-He used Gabriel, chief among angels, to announce his plan to Mary and Joseph.

-He used angels to announce the coming of Christ.
-He used shepherds as the first visitors.

-He used wise men to bring gifts.
-He used a feeding trough as a bed for the Christ-child.

And if we allow him, he will use us.  In a world in need of peace, joy, hope and love he needs our hands and feet to carry the gospel.

God is a user.

Before the Christmas story God used some interesting individuals.
-David was an adulterer and a murderer, yet God used him.
-Mary Magdalene was a common street woman – and God used her.
-He used the despised, the down-and-out, royalty, the IRS agents of the day, and so many others.

He does not look at our cloths, our dialect, our vocabulary or our bank account.  He uses people and locations and situations to do His work.

I wonder who He is using right now.  There are a lot of stories being written in our world tonight.  I believe God is at work – He is using circumstances and individuals to work out his plans. 

Are we willing to be used this Christmas season?

P Michael Biggs
Offering Hope
At Christmas

Monday, December 3, 2012

What Child Indeed

What Child Indeed
It is interesting to ponder the baby who became a King.  He was brought into the world into such humble settings.  His place of birth was less than wonderful.  His first swaddling left much to be desired.  His first visitors were farm animals, and then came shepherds fresh from the fields. 

Not a very exciting way to welcome THE KING, was it? 

His birth surprised the establishment of the day as well.  They were looking for a deliverer. 

          Instead they got a baby.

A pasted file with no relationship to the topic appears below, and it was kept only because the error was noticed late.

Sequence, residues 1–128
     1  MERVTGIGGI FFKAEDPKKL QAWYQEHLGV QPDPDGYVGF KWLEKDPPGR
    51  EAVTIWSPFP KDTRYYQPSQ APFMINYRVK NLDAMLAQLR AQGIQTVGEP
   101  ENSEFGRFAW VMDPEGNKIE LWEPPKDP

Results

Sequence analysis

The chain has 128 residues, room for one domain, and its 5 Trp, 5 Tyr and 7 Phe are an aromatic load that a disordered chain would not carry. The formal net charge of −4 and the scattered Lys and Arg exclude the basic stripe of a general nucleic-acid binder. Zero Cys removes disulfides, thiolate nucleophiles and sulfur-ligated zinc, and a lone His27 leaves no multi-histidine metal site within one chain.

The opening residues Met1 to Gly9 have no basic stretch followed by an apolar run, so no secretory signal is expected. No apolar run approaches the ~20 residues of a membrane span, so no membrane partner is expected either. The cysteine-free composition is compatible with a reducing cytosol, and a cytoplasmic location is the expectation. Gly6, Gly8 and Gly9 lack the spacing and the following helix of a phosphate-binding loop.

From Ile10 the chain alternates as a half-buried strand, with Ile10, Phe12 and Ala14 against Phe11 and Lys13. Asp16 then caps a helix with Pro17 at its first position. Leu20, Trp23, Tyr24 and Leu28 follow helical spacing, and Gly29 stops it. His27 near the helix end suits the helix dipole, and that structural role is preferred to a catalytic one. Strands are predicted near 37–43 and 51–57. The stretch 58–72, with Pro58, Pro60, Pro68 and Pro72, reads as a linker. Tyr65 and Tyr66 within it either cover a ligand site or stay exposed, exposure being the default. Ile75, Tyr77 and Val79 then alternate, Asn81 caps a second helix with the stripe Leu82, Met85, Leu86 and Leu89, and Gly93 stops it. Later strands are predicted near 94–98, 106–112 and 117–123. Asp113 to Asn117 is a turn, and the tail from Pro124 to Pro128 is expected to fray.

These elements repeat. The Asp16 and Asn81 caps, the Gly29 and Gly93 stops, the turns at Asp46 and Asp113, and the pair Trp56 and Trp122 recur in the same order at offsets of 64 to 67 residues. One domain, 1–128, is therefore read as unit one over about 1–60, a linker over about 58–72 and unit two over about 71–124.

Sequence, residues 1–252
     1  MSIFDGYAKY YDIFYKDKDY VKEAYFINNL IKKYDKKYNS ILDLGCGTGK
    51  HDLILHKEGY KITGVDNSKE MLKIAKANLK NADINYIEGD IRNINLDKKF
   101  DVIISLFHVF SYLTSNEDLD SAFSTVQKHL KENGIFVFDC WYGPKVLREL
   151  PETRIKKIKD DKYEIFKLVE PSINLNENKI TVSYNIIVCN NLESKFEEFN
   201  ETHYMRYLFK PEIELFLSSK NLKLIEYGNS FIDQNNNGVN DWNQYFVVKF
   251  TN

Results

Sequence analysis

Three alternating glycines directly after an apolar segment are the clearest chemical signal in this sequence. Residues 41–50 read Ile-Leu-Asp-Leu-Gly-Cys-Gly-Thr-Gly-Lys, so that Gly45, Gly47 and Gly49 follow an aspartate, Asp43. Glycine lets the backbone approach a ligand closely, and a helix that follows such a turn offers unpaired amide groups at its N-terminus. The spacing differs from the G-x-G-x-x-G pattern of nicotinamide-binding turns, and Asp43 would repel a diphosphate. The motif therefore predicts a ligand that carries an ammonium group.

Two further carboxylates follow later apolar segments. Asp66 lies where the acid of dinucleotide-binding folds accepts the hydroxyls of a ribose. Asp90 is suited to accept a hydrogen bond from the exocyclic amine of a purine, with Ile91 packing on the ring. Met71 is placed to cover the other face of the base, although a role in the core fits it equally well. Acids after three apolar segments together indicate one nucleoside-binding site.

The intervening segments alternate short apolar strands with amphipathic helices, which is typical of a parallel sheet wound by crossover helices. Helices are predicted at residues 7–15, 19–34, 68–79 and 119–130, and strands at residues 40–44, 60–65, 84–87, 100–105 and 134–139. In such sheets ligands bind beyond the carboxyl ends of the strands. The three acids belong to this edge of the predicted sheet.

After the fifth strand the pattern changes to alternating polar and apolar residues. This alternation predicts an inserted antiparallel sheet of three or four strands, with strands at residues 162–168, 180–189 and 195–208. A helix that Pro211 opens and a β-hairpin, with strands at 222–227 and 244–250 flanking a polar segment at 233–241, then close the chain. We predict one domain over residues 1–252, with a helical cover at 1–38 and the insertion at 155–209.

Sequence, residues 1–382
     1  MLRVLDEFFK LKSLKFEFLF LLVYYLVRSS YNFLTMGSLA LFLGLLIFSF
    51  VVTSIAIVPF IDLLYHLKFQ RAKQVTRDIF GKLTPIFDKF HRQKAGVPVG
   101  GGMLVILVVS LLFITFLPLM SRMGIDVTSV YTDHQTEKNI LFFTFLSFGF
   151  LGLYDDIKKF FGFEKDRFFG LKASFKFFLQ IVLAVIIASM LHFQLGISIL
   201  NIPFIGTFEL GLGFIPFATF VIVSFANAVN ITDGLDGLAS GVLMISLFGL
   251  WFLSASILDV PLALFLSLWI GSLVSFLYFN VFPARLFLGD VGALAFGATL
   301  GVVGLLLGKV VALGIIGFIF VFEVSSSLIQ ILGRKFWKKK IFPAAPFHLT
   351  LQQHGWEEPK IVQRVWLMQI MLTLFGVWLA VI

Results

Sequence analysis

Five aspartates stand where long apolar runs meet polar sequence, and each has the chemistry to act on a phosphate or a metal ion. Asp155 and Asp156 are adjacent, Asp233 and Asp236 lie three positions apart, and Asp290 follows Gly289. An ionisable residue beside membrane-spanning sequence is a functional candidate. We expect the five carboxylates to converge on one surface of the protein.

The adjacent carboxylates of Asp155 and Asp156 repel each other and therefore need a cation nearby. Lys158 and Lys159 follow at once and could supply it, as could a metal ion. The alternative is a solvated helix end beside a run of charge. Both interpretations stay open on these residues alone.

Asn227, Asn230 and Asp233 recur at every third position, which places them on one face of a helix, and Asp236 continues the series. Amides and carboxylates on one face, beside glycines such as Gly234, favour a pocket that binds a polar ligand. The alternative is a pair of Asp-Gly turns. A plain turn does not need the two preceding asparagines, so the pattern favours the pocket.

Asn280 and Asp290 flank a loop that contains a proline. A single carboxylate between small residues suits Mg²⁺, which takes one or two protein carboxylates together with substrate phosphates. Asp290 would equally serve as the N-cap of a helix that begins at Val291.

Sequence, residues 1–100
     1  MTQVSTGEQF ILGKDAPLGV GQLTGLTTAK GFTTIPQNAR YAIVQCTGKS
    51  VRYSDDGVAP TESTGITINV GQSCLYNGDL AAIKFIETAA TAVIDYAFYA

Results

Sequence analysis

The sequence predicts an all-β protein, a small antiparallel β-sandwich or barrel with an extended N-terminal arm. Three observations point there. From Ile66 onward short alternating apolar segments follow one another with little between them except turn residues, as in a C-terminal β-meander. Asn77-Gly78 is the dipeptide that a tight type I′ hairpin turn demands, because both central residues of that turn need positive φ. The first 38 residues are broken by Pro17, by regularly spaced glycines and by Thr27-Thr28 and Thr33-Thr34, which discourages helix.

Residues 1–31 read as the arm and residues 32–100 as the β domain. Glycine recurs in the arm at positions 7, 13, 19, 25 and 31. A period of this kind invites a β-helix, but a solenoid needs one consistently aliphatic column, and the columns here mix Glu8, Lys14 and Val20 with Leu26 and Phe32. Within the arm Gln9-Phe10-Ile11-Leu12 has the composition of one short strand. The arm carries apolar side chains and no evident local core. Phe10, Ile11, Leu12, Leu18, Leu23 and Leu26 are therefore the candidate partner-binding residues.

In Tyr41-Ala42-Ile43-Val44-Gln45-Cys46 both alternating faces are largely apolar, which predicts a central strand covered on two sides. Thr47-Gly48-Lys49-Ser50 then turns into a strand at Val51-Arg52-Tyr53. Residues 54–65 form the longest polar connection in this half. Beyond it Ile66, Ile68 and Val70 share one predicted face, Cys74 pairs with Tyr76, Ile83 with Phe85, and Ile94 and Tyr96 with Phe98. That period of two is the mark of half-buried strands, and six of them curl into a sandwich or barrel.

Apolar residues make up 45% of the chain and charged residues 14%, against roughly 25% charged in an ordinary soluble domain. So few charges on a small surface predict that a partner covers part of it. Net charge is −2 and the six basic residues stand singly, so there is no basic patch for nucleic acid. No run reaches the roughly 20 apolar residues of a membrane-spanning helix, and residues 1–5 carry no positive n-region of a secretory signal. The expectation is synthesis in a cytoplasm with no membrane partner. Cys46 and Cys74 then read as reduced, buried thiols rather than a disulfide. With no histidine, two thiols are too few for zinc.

They were looking for a warrior to overcome their oppressors. 

          Instead they got a baby.

They were looking for a hero.

          Instead they got a baby.

But most of all they got love.

Ponder the child in the manger. 

Love expressed in the most wholesome, beautiful way.

Love expressed in innocence.

Love expressed in cries in the night, just like the sounds any normal baby would offer.

Love expressed through a lifestyle of peace, compassion, caring, passion. 

Never before had the world seen
such a life, nor would we ever see it
again in such a pure state.

This baby, this little one named Jesus grew to become …

Well, what do you need this Christ Child to be in your world?

Do you need …
A friend?     He is.
A healer?     He is.
A savior?     He is.
A comforter?     He is.
A model of integrity?   He is.
A pathfinder?     He is.
A protector?       He is.

What child is this?

Indeed, what child is this!

(If you would like to hear this in a Podcast version, click
What Child Indeed PodCast

P Michael Biggs
Offering Words of Hope
At Christmas

Remember, I'll be posting on Monday and Friday during the month of December.  Be sure and check out my other blog sites for Christmas posts as well.  

Thursday, November 29, 2012